BEIJING, Sept. 20 -- Lu Jie suffered a lot during several "long journeys" to the office ahead of the Mid-Autumn Festival which fell on Thursday.
"Normally it takes me 40 minutes to drive to the office in the morning, but I have had to spend more than an hour recently due to holiday traffic jams," said Lu, who is among tens of millions of office workers in Beijing.
"It took me nearly 20 minutes to cover a few hundred meters in the morning rush hour, even though I left home half an hour earlier than usual," he added.
Travel peaked on Wednesday afternoon as the traffic index released by the Beijing Municipal Commission of Transport (BMCT) stood at 7.0 and the average vehicle speed was only 24.4 km per hour.
September is considered the most congested month in Beijing with the new school year and holidays such as the Mid-Autumn Festival and National Day contributing to congestion.
Festival traffic jams are particularly loathed by citizens, with some blaming the surge of private car ownership and the inefficiency of the public transportation system.
Figures from the BMCT show that as many as 5.35 million private cars had been registered in the city by the end of July this year.
Subway Line 4, one of the busiest, running 50 kilometers through western Beijing, suspended operations for nearly two hours on Monday due to a signal failure, leading to even worse congestion during the morning rush.
The congestion also raised public concern over air pollution from vehicle emissions.
Beijing Municipal Environmental Protection Bureau says that car emission contributes 22.2 percent of PM2.5 pollutants, the second biggest contributor to the problem after the 24.5 percent from regional transfer of pollutants.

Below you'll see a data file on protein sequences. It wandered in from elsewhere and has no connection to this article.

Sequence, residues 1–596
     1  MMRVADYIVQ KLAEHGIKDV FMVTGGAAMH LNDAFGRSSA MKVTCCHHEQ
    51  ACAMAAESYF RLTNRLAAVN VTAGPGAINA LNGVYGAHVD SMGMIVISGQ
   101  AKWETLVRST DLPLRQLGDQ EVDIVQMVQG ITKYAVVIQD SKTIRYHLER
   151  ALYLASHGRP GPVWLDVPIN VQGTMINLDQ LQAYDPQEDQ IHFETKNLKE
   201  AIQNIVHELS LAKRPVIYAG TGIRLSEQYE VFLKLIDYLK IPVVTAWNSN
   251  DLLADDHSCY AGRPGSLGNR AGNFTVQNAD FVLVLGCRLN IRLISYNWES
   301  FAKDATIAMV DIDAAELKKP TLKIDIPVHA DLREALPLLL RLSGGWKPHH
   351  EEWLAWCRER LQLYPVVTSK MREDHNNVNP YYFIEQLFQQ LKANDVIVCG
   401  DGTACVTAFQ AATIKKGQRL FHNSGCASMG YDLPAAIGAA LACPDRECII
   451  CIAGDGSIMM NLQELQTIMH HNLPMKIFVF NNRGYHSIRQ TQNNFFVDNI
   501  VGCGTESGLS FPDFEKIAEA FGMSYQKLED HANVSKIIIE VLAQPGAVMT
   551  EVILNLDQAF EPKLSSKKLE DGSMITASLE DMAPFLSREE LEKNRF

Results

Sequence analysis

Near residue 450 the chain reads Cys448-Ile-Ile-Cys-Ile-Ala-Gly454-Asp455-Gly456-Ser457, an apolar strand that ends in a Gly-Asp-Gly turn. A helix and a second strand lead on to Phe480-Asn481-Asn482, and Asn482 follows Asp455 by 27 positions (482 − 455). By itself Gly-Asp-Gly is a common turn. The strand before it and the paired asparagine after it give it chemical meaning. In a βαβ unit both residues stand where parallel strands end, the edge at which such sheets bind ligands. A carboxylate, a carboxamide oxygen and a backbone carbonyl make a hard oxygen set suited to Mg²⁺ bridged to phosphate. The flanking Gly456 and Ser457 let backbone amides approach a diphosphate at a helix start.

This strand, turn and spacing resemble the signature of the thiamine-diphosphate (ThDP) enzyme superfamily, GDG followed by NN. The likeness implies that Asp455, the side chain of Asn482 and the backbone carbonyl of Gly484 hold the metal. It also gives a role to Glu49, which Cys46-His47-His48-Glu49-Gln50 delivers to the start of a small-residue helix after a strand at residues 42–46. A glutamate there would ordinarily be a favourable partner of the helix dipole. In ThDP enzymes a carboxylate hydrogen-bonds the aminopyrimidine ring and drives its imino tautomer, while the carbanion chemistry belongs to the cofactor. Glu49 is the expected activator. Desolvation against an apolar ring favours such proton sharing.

In addition, vehicle emissions are closely related to their running speed. "When a car runs at 20 to 30 km per hour, its emission can be three times more than at 60 km per hour," said Li Kunsheng, the official in charge of car emissions with the bureau.
"Environmental protection can only be achieved through easing traffic congestion," Li added.
Beijing municipality has taken a series of measures to tackle congestion and pollution.
Earlier this month, Beijing produced a five-year clean air action plan, pledging to reduce PM 2.5 density by at least 25 percent by 2017, including tough measures on cutting emissions and industrial pollution.
The city will restrict the total number of vehicles to 6 million by 2017 by allowing fewer car registrations from next year. The city is also considering congestion fees and plans to spend big on public transportation to reduce private vehicle use.
Yang Xinmiao, deputy director of the Transport Institute at Tsinghua University, said that joint endeavors are needed in municipal planning, urban construction and transportation to deal with congestion.
"The government should continue to limit the number of vehicles, and employers should encourage their staff to take travel during non-peak times," Yang added.